The never-ending discussion: biology or bias?
Posted by Melissa on June 8, 2010
Opening up the NY Times web page today and reading John Tierney’s latest column, “Daring to Discuss Women in Science”, brought out an intense need to respond despite the pile of grading in front of me. Before diving into what I find so irritating about Tierney’s column, I will briefly note that the legislative proposal he mentions in the beginning of his article sounds potentially problematic, providing a source of ridicule or animosity without doing much to change the situation faced by women in science. Since I’m not well-informed on the details of the legislation, I’m not going to try to discuss it.
What I want to comment on is the rest of the article, which contributes to my general frustration with the ad nauseam back-and-forth of whether it’s biology or bias that accounts for the under-representation of women in the mathematically-intensive sciences. I tire of hearing about how women aren’t as adept at math, aren’t as good at spatial reasoning, and aren’t as willing to work hard. These discussions seem to rehash the same old arguments, and they don’t acknowledge the complexity of the problem, nor do they do much to change people’s inherent biases (or their beliefs that they are unbiased in the evaluation of the situation).
What I find most frustrating is that there are myriads of studies, and everyone can cite their favorite study to support their viewpoint — be it that bias is the dominant factor keeping women out of sciences or that biology accounts for the paucity of women. This spring, thanks to my colleague Joel Weisberg, I found what may currently be the best, though still imperfect, antidote to the never-ending, go-nowhere discussion of this topic, namely Stephen Ceci and Wendy William’s book, The Mathematics of Sex: How biology and society conspire to limit talented women and girls. The book is built on an extensive literature review of more than 400 studies on the role of biological and sociocultural factors in accounting for the low representation of women in math-intensive science fields. If he took the time to read The Mathematics of Sex, Tierney would find much of his argument is insufficient to account for the level of sex disparities found in fields like physics and engineering. Ceci and Williams review studies examining the male/female distribution at the extreme right tail of the distribution of math SAT scores, like the ones Tierney discusses, but they also acknowledge the importance of considering how the distribution varies with time period and with cultural geography, which shows flaws in using American student performance on the SAT as an indicator of why there aren’t more women in mathematically-intensive fields. While Tierney blithely contends, “Even when you consider only members of an elite group like the top percentile of the seventh graders on the SAT math test, someone at the 99.9 level is more likely than someone at the 99.1 level to get a doctorate in science or to win tenure at a top university,” Ceci and Williams admit that current studies don’t sufficiently determine how one’s exact location on the extreme right end of the mathematical testing distribution corresponds to future success.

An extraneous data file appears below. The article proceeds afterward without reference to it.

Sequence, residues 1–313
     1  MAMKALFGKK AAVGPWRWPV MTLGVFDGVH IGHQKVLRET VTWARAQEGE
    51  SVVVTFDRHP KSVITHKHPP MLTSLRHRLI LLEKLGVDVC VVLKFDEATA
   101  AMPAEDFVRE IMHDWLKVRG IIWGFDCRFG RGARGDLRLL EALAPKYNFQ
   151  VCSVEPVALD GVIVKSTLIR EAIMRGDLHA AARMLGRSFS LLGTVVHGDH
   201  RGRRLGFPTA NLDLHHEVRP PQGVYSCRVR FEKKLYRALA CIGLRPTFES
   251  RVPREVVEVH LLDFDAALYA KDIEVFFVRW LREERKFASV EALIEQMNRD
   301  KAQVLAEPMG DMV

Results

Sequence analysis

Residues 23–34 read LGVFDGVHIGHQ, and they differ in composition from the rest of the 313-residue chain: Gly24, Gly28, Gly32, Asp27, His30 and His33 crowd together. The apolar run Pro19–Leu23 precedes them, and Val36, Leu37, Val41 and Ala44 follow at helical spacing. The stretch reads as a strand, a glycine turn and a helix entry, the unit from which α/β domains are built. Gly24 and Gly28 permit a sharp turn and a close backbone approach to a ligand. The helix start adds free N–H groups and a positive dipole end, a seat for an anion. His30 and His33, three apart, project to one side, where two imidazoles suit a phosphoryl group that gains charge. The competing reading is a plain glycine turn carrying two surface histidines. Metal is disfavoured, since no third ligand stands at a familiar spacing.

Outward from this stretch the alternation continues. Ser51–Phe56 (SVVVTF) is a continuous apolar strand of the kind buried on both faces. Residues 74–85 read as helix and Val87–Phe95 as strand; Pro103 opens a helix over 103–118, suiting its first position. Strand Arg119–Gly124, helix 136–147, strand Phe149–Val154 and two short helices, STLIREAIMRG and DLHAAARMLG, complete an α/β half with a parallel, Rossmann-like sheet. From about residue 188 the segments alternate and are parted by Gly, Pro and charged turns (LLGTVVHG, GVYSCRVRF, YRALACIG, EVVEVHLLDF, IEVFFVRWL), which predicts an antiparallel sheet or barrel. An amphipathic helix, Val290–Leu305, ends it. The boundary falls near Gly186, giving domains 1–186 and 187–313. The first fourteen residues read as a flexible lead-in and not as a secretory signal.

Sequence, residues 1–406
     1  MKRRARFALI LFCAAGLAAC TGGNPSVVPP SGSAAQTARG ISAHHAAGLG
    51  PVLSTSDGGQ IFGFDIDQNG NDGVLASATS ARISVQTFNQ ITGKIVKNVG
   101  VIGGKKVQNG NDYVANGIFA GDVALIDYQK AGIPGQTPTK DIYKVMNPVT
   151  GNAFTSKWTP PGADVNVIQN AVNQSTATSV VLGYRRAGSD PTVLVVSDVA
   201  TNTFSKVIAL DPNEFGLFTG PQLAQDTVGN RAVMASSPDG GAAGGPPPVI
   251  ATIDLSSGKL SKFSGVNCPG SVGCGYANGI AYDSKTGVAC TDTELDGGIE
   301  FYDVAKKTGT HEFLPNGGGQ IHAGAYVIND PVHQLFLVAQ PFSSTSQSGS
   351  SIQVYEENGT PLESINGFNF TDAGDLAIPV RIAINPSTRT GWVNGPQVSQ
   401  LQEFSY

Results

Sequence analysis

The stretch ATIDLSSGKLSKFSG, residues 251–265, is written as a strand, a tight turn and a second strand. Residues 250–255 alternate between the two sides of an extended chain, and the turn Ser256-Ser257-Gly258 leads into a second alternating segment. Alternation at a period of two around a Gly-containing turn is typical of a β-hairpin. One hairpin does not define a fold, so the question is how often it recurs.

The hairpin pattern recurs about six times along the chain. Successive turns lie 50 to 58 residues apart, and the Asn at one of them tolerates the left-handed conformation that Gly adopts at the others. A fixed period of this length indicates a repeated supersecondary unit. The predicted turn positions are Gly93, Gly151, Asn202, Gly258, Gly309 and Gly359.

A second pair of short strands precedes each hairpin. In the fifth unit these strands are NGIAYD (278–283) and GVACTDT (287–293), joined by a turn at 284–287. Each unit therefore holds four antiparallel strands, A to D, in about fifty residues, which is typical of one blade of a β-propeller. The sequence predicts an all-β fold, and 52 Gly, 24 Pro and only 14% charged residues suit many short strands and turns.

On the flip side, supporters of women in science may be disappointed to find that, according to Ceci and Williams’ survey, environmental factors such as stereotype threat or bias are also not sufficient to account for the poor representation of women in the sciences. Ceci and Williams provide a balanced consideration of just what research needs to be done to provide convincing evidence that either biological or sociocultural factors play more than a secondary role in accounting for the low numbers of women in mathematically intensive fields. If The Mathematics of Sex doesn’t find bias or biological ability as being primary factors in accounting for the numbers of women in mathematically-intensive fields, what do they find? Their answer is complex, and I’ll try to write more after I’ve finished my grading.